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Secondary market experts address ability-to-repay liabilities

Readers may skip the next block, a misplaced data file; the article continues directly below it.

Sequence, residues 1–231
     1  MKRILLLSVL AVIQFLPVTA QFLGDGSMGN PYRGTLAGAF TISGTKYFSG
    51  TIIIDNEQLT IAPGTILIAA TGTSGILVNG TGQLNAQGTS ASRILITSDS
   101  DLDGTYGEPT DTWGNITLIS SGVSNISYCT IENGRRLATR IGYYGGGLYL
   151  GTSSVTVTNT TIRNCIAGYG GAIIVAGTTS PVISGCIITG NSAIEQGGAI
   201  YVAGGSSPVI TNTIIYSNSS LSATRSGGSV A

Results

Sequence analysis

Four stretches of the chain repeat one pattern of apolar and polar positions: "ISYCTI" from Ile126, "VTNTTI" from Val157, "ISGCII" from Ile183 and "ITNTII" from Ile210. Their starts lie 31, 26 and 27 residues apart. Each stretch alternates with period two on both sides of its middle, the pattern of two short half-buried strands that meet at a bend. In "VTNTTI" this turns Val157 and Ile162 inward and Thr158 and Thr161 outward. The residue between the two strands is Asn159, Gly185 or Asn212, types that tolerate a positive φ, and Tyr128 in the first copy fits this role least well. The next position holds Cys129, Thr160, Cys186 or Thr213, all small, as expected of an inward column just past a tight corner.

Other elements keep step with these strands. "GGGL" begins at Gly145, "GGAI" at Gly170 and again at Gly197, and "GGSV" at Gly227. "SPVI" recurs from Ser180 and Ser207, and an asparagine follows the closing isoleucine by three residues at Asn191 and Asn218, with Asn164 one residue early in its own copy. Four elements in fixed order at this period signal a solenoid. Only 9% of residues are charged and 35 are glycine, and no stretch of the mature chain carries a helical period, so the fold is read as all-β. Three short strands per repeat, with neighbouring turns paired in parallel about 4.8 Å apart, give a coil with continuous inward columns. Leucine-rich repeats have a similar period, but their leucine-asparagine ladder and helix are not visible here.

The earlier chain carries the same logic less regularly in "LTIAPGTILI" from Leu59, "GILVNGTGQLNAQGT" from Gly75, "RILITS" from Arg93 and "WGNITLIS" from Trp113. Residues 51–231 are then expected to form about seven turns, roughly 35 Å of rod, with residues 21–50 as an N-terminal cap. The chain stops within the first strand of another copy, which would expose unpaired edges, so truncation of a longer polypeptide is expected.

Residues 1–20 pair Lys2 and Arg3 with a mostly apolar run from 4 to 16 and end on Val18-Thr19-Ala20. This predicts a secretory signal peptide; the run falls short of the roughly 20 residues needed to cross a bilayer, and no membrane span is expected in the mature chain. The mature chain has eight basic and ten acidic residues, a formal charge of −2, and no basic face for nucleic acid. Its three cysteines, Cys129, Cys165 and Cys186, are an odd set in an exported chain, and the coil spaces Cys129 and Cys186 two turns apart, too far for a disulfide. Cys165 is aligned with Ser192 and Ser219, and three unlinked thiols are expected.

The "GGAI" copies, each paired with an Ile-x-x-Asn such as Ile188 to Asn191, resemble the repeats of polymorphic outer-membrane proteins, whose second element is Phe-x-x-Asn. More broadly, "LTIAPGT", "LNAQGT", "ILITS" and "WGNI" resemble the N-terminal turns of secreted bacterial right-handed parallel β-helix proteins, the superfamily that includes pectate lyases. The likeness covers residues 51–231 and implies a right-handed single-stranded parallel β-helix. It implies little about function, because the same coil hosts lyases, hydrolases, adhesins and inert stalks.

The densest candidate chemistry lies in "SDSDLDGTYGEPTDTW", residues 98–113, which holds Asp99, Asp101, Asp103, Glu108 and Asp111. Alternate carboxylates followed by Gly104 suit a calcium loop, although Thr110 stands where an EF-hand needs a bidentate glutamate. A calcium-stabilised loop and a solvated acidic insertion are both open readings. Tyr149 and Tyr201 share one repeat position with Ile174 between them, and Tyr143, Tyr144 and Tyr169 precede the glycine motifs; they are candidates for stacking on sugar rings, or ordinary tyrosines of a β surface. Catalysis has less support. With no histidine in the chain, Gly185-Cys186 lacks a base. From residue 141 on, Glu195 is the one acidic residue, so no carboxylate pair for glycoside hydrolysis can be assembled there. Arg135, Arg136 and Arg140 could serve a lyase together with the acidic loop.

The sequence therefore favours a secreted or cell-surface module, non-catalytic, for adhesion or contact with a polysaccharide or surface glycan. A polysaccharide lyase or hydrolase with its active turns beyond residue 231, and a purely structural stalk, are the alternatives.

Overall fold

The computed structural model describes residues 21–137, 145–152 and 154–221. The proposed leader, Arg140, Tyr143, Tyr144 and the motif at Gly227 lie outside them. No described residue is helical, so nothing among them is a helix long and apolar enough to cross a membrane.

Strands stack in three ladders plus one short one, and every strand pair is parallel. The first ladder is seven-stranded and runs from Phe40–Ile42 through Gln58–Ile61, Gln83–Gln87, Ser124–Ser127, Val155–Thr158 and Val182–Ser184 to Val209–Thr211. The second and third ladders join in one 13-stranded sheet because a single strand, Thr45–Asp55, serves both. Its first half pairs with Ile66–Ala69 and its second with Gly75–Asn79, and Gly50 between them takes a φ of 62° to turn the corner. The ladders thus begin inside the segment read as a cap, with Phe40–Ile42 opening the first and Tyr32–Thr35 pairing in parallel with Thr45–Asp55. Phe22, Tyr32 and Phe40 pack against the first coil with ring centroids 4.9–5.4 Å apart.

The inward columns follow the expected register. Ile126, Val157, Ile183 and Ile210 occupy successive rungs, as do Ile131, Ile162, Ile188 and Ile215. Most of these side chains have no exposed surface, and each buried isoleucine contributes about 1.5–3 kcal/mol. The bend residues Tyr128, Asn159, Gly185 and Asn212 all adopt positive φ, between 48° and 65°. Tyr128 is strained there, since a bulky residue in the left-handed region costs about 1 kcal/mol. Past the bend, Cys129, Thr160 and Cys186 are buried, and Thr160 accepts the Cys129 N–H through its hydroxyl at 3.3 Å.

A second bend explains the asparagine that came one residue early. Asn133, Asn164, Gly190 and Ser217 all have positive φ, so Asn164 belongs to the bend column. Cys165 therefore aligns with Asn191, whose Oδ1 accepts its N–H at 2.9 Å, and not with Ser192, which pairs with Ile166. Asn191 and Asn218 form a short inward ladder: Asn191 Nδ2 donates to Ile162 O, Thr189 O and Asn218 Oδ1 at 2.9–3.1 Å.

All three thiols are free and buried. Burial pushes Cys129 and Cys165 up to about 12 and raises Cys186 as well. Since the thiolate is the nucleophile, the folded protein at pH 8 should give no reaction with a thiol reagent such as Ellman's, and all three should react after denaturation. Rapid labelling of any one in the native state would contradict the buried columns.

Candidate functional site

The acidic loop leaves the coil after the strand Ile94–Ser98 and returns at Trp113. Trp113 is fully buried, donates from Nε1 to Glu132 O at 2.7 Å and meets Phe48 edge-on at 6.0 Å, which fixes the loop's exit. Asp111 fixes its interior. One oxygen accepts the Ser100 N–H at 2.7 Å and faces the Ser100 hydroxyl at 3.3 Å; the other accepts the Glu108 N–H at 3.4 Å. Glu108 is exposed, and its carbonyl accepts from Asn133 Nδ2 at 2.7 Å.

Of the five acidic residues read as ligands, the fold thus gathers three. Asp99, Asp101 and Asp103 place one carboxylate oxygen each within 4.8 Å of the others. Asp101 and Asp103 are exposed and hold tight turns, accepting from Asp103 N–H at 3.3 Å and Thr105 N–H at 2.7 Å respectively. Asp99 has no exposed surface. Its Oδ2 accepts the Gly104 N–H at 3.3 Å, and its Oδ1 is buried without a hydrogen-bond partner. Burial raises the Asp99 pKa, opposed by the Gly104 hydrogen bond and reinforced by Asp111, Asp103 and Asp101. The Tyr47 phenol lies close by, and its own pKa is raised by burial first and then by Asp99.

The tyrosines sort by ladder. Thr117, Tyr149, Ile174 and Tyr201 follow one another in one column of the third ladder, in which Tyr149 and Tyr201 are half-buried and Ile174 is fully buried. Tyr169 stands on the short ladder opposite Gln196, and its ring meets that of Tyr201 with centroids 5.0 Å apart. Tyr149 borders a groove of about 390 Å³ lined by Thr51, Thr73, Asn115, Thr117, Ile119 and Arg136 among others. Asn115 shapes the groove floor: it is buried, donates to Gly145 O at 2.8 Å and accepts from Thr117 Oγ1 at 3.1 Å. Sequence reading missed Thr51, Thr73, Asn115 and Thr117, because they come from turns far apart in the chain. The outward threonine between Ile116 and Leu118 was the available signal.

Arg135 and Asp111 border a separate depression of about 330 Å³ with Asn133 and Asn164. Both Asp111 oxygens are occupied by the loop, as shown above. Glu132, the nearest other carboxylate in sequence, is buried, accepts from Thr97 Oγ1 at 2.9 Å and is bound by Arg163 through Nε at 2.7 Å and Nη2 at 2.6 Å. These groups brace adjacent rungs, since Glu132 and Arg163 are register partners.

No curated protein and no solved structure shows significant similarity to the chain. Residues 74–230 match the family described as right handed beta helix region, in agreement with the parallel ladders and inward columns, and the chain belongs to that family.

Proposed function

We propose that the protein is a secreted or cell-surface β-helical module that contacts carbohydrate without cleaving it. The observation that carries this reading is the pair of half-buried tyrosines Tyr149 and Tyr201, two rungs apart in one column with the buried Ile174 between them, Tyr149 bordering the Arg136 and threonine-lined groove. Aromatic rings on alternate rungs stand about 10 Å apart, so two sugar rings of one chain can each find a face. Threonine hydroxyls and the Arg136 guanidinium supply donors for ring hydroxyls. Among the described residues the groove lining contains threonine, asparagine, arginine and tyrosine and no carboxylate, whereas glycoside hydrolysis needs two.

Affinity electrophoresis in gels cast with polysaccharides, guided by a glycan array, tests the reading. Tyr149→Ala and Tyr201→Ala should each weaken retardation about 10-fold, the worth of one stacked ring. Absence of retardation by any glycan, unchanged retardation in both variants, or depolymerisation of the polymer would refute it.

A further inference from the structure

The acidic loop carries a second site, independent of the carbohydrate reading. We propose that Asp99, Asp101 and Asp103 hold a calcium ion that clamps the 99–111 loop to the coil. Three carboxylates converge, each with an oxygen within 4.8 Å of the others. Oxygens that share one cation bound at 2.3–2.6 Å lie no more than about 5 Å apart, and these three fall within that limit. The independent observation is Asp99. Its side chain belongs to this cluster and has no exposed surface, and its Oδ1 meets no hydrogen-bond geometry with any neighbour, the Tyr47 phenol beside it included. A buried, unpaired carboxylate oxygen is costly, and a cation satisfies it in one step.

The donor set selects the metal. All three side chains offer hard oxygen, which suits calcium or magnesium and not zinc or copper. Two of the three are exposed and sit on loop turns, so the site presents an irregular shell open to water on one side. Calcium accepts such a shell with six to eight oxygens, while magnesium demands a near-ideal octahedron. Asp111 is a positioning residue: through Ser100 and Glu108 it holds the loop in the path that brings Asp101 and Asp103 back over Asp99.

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Narrowly constructed Dodd-Frank rules could stymie a recovery in the mortgage finance market if originators fear the possibility of lawsuits stemming from the proposed ability-to-repay requirement under Regulation Z, capital markets experts warned Sunday. While speaking to a panel at the Mortgage Bankers Association National Secondary Market Conference & Expo in New York, expert panelists said mortgage banking professionals should use the open comment period on the Dodd-Frank provision to urge regulators to carefully craft the ability-to-repay requirement. The guideline, which falls under the Federal Deposit Insurance Corp. Regulation Z, would force creditors to predetermine whether a borrower has the ability to repay a mortgage prior to origination. The proposed rule would create four compliance options for creditors to stay in compliance with Reg Z's ability-to-repay requirement. The options available include verification of consumer income or assets to show they can make the mortgage payments. The rule also would offer a qualified mortgage exception, which could shield creditors from liability as long as the loan does not have negative amortization or unreasonable fees and the mortgage payment is underwritten using the maximum interest rate in the first five years. Ken Markison, associate vice president and regulatory counsel for the Mortgage Bankers Association, said the proposed "ability to repay standard" brings with it the potential for new liabilities, stretching from the risk of having to pay statutory damages for issuing a loan that is later deemed not qualified to court costs and attorneys fees. "It doesn't take much to imagine in the investor community and the originator community that these new liabilities reverberate," Markison said. Panelists attending the session said the industry needs to communicate these liability concerns to regulators to ensure the ability-to-pay provision and qualified mortgage rule are crafted to instill a sense of confidence in originators and investors. The comment period on the proposed ability-to-pay rule runs until July 22. Write to Kerri Panchuk.

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